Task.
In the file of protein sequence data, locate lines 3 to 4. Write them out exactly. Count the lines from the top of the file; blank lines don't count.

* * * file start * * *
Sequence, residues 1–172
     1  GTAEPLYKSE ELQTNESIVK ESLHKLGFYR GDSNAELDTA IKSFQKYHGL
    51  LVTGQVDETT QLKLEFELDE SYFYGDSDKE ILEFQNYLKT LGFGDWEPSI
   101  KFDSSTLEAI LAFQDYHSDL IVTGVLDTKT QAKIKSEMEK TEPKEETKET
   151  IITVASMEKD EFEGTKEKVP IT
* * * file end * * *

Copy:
    51  LVTGQVDETT QLKLEFELDE SYFYGDSDKE ILEFQNYLKT LGFGDWEPSI
   101  KFDSSTLEAI LAFQDYHSDL IVTGVLDTKT QAKIKSEMEK TEPKEETKET